Updated Radiative Transfer Model for Titan in the Near-infrared Wavelength Range: Validation against Huygens Atmospheric and Surface Measurements and Application to the Cassini/VIMS Observations of the Dragonfly Landing Area - INSU - Institut national des sciences de l'Univers Access content directly
Journal Articles (Review Article) The Planetary Science Journal Year : 2023

Updated Radiative Transfer Model for Titan in the Near-infrared Wavelength Range: Validation against Huygens Atmospheric and Surface Measurements and Application to the Cassini/VIMS Observations of the Dragonfly Landing Area

M Es-Sayeh
S Rodriguez
Maélie Coutelier
  • Function : Author
  • PersonId : 1156983
L Maltagliati
  • Function : Author
T Cornet
B Grieger
  • Function : Author
E Karkoschka
Alice Le Gall
C Neish
C Sotin

Abstract

We present an analysis of Titan data acquired by the Cassini Visual and Infrared Mapping Spectrometer (VIMS) at the landing site of the Dragonfly mission, using a new version of our radiative transfer model for Titan, with significant updates for the spectroscopic parameters of atmospheric gases and photochemical aerosols. Our updated radiative transfer model is validated against the in situ spectroscopic measurements of the Huygens probe during its descent and once landed. We confirm that aerosols with a fractal dimension of 2.3-2.4 provide the best fit to the observations. We apply our radiative transfer model to four VIMS data cubes over the Selk crater region including the Dragonfly landing and exploration areas, further validating our model by producing consistent aerosol population and surface albedo maps. These infrared albedo maps, further corrected from the photometry, enable us to study the Selk crater region in terms of surface composition, landscape formation, and evolution. Our results suggest that the Selk crater is in an intermediate state of degradation and that the mountainous terrains of the area (including the crater rim and ejecta) are likely to be dominated by fine grains of tholin-like sediment. This organic sediment would be transported to the lowlands (crater floor and surrounding plains), possibly with water ice particles, by rivers, and further deposited and processed to form the sand particles that feed the neighboring dune fields. These results provide information for the operational and scientific preparation of the Dragonfly mission, paving the way for future exploration of Titan's surface composition and geology.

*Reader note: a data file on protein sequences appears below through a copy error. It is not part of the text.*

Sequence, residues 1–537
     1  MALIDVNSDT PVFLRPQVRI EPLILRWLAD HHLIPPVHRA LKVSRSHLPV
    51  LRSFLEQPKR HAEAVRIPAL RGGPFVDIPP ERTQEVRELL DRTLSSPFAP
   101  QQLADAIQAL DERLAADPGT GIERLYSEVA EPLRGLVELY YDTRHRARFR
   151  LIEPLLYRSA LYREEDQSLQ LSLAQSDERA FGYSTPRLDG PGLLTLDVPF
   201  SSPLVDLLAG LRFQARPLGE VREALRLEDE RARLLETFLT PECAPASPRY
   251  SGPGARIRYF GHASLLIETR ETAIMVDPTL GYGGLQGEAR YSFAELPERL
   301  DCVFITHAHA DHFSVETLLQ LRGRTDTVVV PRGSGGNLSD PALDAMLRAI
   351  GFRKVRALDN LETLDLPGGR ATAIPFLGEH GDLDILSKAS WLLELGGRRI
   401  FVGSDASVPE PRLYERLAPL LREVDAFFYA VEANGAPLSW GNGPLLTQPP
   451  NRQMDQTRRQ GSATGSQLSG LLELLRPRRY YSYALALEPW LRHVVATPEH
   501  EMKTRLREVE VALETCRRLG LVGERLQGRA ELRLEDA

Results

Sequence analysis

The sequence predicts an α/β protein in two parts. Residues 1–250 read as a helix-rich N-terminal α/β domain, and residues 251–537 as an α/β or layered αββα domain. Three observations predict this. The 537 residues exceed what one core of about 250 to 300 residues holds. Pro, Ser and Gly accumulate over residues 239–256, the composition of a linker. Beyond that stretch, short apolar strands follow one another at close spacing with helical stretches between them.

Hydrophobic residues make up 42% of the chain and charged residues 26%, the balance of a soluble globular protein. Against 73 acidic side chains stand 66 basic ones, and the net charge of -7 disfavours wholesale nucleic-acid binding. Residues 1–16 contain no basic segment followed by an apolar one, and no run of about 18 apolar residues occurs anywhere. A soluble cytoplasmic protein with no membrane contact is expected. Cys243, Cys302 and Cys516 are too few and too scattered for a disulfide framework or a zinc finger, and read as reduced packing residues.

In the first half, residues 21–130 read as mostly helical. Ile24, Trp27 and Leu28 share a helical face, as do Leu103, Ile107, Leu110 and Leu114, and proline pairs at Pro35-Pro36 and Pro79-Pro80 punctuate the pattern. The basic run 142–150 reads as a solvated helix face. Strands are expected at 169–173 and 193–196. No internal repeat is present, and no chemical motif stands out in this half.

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insu-04036493 , version 1 (19-03-2023)

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M Es-Sayeh, S Rodriguez, Maélie Coutelier, Pascal Rannou, B Bézard, et al.. Updated Radiative Transfer Model for Titan in the Near-infrared Wavelength Range: Validation against Huygens Atmospheric and Surface Measurements and Application to the Cassini/VIMS Observations of the Dragonfly Landing Area. The Planetary Science Journal, 2023, 4, pp.44. ⟨10.3847/psj/acbd37⟩. ⟨insu-04036493⟩
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